Everyone wants the best for their baby, especially when it comes to anything that could have a potential impact on an infant’s health — and that’s how Alyson Eberle stumbled onto an untapped market in the baby care industry.
After becoming a mother, Eberle was looking for fresh baby food for her daughter and was shocked to find that no such options existed — not in Houston’s upscale grocery stores, not even online. Frustrated, Eberle began making her daughter’s meals by hand.
“It was extraordinarily time consuming,” Eberle says. “It’s hard enough being a mom, and I was a working mom.”
This frustration was on Eberle’s mind when she sold her Houston-based tutoring business in 2013 and moved to Austin. She decided to use the capital from that sale to launch PureSpoon, a company that creates freshly made meals for babies and small children.
Pure Spoon baby foods first hit store shelves about a year ago at Whole Foods, and is now sold in 150 stores across Texas, Louisiana and Oklahoma, including Walgreens, Target and ShopRite. This summer, the brand will also be sold across the country in Sprouts and Hy-Vee as well as online. That’s 720 percent growth since launch. Clearly Eberle wasn’t the only one looking for fresh baby food.
All the ingredients in Pure Spoon’s products are certified organic. Pure Spoon fills a much-needed void in the baby food industry, and Eberle says the products are also helpful to older children and seniors, who sometimes consume baby foods or products such as Ensure due to health reasons.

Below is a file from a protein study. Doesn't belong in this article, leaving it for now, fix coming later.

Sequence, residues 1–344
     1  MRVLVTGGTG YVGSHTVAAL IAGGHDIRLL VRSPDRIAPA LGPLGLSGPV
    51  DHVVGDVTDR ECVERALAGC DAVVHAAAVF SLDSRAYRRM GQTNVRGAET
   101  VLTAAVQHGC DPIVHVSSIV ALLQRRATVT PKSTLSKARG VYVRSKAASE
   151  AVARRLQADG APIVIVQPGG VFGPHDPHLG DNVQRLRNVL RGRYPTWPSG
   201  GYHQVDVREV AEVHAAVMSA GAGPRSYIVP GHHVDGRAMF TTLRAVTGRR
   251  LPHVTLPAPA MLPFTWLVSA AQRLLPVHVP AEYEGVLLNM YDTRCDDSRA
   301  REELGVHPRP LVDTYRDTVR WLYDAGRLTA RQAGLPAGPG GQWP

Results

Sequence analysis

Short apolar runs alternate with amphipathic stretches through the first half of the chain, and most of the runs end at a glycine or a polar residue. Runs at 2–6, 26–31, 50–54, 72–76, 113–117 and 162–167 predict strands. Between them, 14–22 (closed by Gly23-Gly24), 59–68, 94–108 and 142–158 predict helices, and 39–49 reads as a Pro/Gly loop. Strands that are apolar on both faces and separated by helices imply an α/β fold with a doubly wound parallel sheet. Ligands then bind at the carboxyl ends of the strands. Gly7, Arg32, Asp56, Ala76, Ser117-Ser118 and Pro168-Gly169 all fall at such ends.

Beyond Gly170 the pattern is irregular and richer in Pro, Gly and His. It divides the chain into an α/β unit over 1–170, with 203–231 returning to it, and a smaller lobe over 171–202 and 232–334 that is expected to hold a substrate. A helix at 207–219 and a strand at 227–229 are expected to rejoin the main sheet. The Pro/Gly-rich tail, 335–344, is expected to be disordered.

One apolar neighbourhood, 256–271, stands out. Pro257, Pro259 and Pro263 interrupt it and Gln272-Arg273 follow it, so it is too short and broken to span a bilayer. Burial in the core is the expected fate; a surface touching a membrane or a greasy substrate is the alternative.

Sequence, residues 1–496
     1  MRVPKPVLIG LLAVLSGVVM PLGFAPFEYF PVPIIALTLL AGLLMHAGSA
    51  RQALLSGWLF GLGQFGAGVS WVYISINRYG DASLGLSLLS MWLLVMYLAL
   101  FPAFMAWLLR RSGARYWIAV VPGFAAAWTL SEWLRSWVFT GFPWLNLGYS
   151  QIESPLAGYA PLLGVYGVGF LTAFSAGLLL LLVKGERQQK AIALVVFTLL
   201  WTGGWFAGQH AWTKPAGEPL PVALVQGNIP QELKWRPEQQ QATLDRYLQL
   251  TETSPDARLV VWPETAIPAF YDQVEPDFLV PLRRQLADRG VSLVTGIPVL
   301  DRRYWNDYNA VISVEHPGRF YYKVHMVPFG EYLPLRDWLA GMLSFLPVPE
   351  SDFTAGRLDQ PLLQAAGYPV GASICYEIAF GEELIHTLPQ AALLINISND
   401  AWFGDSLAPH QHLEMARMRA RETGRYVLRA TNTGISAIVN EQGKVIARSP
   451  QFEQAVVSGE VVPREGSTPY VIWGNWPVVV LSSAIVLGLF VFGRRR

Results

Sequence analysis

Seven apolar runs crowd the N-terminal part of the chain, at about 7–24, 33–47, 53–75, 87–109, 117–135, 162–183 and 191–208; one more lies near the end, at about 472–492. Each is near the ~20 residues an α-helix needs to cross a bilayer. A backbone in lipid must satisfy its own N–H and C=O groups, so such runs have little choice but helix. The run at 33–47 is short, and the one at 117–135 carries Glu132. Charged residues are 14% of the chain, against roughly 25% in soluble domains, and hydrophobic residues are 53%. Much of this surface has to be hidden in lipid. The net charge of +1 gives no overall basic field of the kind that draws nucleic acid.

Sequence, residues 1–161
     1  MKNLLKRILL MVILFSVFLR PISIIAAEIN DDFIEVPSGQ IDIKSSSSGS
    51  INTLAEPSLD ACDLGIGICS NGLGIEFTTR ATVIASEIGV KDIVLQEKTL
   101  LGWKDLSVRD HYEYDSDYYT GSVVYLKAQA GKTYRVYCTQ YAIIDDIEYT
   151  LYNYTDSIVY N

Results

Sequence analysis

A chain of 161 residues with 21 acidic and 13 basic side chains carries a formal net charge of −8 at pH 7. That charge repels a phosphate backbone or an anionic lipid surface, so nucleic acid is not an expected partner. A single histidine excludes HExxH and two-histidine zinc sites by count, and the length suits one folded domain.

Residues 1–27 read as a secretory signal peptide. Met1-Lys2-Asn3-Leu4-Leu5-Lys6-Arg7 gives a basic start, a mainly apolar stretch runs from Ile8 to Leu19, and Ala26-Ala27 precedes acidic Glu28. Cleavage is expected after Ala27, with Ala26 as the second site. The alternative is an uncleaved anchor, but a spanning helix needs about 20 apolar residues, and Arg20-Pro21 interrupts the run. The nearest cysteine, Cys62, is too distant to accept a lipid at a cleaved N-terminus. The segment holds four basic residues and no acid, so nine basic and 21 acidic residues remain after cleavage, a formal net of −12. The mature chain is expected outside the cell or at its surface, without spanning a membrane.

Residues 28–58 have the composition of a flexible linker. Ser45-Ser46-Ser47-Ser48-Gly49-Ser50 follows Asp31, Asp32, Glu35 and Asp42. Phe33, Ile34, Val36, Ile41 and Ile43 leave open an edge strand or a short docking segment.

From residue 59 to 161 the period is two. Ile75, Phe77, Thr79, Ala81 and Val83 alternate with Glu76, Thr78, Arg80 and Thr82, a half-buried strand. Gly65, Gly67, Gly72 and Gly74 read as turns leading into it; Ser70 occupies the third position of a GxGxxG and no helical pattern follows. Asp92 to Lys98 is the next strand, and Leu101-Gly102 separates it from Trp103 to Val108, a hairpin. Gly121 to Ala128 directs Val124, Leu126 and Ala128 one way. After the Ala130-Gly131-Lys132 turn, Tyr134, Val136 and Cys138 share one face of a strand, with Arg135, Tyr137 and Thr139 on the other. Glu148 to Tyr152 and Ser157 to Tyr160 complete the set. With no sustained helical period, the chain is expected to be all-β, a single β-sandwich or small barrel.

Diving into the baby food industry was a new move for Eberle, but Pure Spoon isn’t her first innovative business. She attended the University of Texas for graduate school and came out knowing how to start and run a business. Eighteen years ago in Houston, Eberle began a tutoring service with a new concept, where the tutors came to the students.
“I had never had experience before with food manufacturing — I don’t even like to cook!” Eberle says. “I was green of all greens going into this, but I knew what I wanted the end result to be.”
Since no one was creating fresh baby food for the market, Eberle had no one to look to for advice. Instead, she forged her own road to success.
“I knew I didn’t want to make the product and drop it off at one or two stores,” Eberle says. “I wanted to make it an option for all parents to give their children. I wanted to make it big.”
The research and development process for Pure Spoon was a lengthy challenge. After two years of trial and error, including splattering pureed fruits and veggies across the food lab, Eberle discovered the high pressure pasteurization process for preserving food items. HPP uses a chamber of cold water to apply extreme pressure, preserving the food and killing off bacteria without any loss of vitamins, enzymes or other nutrients. Already used to preserve cold-pressed juices and precooked chicken, Eberle was the first to use the HPP process for purees.
“HPP is a new technology. It’s expensive, it’s difficult, and doing anything perishable is complicated,” Eberle says. “It was an uphill battle to get it right and to not acquiesce on the things I found essential: using fresh ingredients, keeping it certified organic, not putting anything in the food that doesn’t grow in the dirt and figuring out not to lose any nutrition or flavor.”
To get the best results, Eberle even created her own packaging and equipment for the HPP process.
“A lot of people will try to steer you to the easier path, but you have to stick to your guns,” Eberle says of her drive for innovation. “Tenacity is a huge quality that you have to have in doing this.”
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